In his January 2022 Angelus series on St. Joseph, Pope Francis noted that “Work is an essential component of human life, and even of the path of sanctification. Work is not only a means of earning a living, it is also a place where we express ourselves, feel useful and learn the great lesson of concreteness, which helps keep the spiritual life from becoming spiritualism.” (Jan 12).

This broader vision of the person  – the who and why of the dignity of work that Catholic social teaching offers to the Labor Movement. It is a vision that does not shy away from examining the changing nature of work in the twenty first century, does not only pull from the past but looking to a future and world that does not yet exist — as Leo XIII called for in Rerum Novarum (and as evidenced in Msgr Higgin’s ministry) – seeks to look @ the world as it truly is, and look beyond for solutions to its most pressing social problems. (RN14)

One place where the Church and the Labor movement can work together more is in developing a greater sense of global solidarity within our living out the dignity of work. In response to the Financial Crisis, Benedict XVI called on labor unions to think more globally: “the global context in which work takes place also demands that national labor unions, which tend to limit themselves to defending the interests of their registered members, should turn their attention to those outside their membership, and in particular to workers in developing countries where social rights are often violated.” (64)   This is something the AFL-CIO is committed to through its participation host of global union federations as well as the ILO.

 Justice as Participation

The last 20 years have been dominated in the US by significant anti-union legislation scattered around the country – these impact wages, benefits, and worker protections BUT it also manifests in lack of a voice for workers – Effective participation in shaping one’s working conditions and culture only happens when workers are able to come together. participation is about the inclusion of each, yes, but this only happens by coming together – participation is always relational and it is central not only to democracy but economic justice.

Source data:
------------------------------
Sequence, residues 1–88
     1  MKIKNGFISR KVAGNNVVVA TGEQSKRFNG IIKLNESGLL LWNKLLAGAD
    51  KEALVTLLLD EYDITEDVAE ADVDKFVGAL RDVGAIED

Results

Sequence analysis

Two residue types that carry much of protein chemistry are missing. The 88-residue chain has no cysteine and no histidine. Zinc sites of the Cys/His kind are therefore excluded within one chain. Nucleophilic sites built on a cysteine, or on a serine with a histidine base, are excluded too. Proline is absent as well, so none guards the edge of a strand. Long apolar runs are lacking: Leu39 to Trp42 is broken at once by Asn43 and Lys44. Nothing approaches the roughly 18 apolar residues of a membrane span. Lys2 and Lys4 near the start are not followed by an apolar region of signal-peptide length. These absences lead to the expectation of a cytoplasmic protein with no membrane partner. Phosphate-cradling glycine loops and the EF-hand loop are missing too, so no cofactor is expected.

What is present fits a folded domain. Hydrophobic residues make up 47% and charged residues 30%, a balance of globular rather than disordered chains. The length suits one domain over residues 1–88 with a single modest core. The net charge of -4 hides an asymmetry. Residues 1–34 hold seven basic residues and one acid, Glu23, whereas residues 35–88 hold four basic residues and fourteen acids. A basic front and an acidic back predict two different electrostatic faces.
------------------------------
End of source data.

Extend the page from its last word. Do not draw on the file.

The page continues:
Unions have always been a crucial part of participation by workers…and the US Bishop’s 1986 pastoral, Economic justice for all goes so far as to define justice as participation, highlighting the importance of unions not just in securing fair wages and benefits but about having a voice, participation in decision making.

 It is this positive role of participation – which led my own grandmother to become a union organizer – out of concern not merely for their working conditions but the importance of a library as a welcoming and inclusive community space. It was a participation in the common good of the whole community. Unionization should not be reduced simply to a utilitarian calculus about wages and benefits (despite their deep importance) but also about this sense of that part of the dignity of work is participation in the bigger questions of the institutions within which we labor.

It is my contention that on this point the Church needs the Labor Movement to help it remember this particular aspect of justice and the dignity of work. I am a university professor in a unionized faculty (a member of the American Academy of University Professors – AAUP) – which is rare. It is deeply disturbing how often we see examples of Catholic schools fighting their worker’s attempts to unionize, whether they be contingent faculty or food service workers – time and time again we are seeing Catholic institutions seemingly forgetting our own teaching on worker’s rights.  Here is one place where for me, as a theologian, the relationship between the labor movement and the Catholic church is so crucial – – and can hopefully continue to call members of the church to embrace its own theological commitments more fully.


I conclude today with gratitude for all the work Msgr Higgins did in his ministry, for the work that continued over the last twenty years, and in hope for what the next decades might bring. I hope that it will be one in which both the Catholic Church and the Labor Movement will continue to be partners in the commitment to the dignity of work and for the common good of all. Thank you.